As Sho goes, so goes LA? Key K's in focus after loss

Betts, Ohtani, Freeman K vs. Rangers' Robertson in big spot for second straight night

June 14th, 2024

LOS ANGELES -- After a series win against the Yankees over the weekend and a 15-run outburst to open a six-game homestand against the Rangers, it appeared the Dodgers were on the verge of breaking out offensively for a sustained stretch.

Instead, the offense has gone missing over the last two games against the Rangers, wasting quality opportunities in a 3-1 loss to Texas on Thursday at Dodger Stadium.

"Tonight, I thought we put the ball in play,” said Dodgers manager Dave Roberts. “[Rangers starter Michael Lorenzen] doesn’t strike guys out. I thought we hit some balls hard. Couldn’t threaten."

While Lorenzen only struck out two, the Dodgers didn’t have many answers for the right-hander outside of an Andy Pages solo homer in the seventh inning. The Dodgers had 11 batted balls with an exit velocity of 95 mph or higher, but in the end, Lorenzen allowed just one run over seven innings. For the Dodgers’ offense, it was the second consecutive night without finding a way to put up big numbers against the Rangers’ starter.

"He was able to mix his pitches really well throughout his outing,” said Dodgers designated hitter Shohei Ohtani through interpreter Will Ireton. “We’ve been able to actually hit the ball hard. It could’ve been a matter of a couple inches here and there."

The Dodgers walked away Thursday with a lot of what-ifs in big opportunities, none bigger than in the eighth inning against David Robertson. Finally into the Texas bullpen, Cavan Biggio led off the inning getting on base via a hit-by-pitch. Austin Barnes followed with a single into right field, advancing Biggio to third and setting things up for a potential game-changing rally.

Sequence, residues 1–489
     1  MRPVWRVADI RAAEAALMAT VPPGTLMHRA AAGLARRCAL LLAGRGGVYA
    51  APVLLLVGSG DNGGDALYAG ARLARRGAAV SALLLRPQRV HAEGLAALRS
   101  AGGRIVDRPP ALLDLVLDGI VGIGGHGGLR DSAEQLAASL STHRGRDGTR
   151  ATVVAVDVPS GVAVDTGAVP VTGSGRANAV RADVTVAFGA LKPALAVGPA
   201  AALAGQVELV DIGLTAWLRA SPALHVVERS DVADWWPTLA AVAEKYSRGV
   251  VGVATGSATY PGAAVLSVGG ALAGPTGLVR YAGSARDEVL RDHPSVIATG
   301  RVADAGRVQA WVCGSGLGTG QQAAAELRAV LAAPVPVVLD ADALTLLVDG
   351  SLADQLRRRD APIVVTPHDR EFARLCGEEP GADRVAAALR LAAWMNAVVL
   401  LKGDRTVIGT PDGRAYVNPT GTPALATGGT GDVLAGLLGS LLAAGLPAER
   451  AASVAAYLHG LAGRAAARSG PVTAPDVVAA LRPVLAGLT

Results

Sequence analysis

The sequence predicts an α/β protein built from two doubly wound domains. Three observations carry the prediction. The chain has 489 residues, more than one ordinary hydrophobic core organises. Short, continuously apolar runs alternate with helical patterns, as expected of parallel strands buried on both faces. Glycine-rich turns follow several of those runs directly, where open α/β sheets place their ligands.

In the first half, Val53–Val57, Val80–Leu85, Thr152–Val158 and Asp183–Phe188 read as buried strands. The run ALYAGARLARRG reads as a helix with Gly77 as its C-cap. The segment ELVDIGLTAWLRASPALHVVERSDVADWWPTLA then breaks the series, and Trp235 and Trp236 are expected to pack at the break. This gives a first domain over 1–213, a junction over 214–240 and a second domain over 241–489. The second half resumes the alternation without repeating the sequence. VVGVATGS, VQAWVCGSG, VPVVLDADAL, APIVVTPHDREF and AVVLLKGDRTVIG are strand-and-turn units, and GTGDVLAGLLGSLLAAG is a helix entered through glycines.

Even down two, the Dodgers found themselves right back in it with runners at the corners with no outs. They had the top of the order coming up. Certainly one of the three former Most Valuable Players atop their lineup would come through with at least one run.

That wasn’t the case, however, as for the second straight night, Robertson was able to strike out Mookie Betts, Freddie Freeman and Ohtani swinging. In Betts’ and Ohtani’s cases, they both went down on three pitches, with Ohtani swinging at a pitch way out of the zone to end his at-bat.

“I’ve got to go back and look at them,” Roberts said of the pivotal strikeouts. “I thought Ohtani expanded the zone at the top, below. I thought Freddie competed, had a good at-bat. [Robertson] made a good pitch. I thought Mookie, the best pitch he had was that first-pitch curveball. … Started an inning, had some stress. Unfortunately we couldn’t push anything across.”

As good as the Dodgers' bats have been this season, ranking at the top in just about every offensive category, they have struggled at times with runners in scoring position. On Thursday, Los Angeles went 0-for-5 in such situations and left six men on base.

Those struggles ring particularly true for Ohtani, who has yet to find consistency with runners in scoring position. The superstar came into Thursday’s game with a .235 average and .631 OPS (16-for-68) and only one homer with runners in scoring position.

Per, Ohtani has also struggled in “high-leverage” situations, which factor in certain moments in the game that would mostly affect the win probability. In high-leverage situations, Ohtani was 10-for-45 (.222) with one long ball coming into Thursday’s game. The eighth inning at-bat against Robertson, obviously, qualifies as a high-leverage at-bat.

In medium-leverage at-bats, Ohtani has fared better, with five homers in 107 plate appearances and a .341 average (31-for-91). And he's done most of his damage in low-leverage spots, mashing 11 homers and collecting 19 RBIs in 144 plate appearances.

While the weight of an entire offense doesn't fall solely on Ohtani's shoulders, the Dodgers are going to need their three superstars at the top of the order to come through in those situations, especially in October.

It didn’t work out for them on Thursday.

"There’s always going to be stretches of ups and down as a team and personally,” Ohtani said. “Obviously when things aren’t going well, that’s when we put everything under a microscope. My approach has been the same, just being able to put up quality at-bats."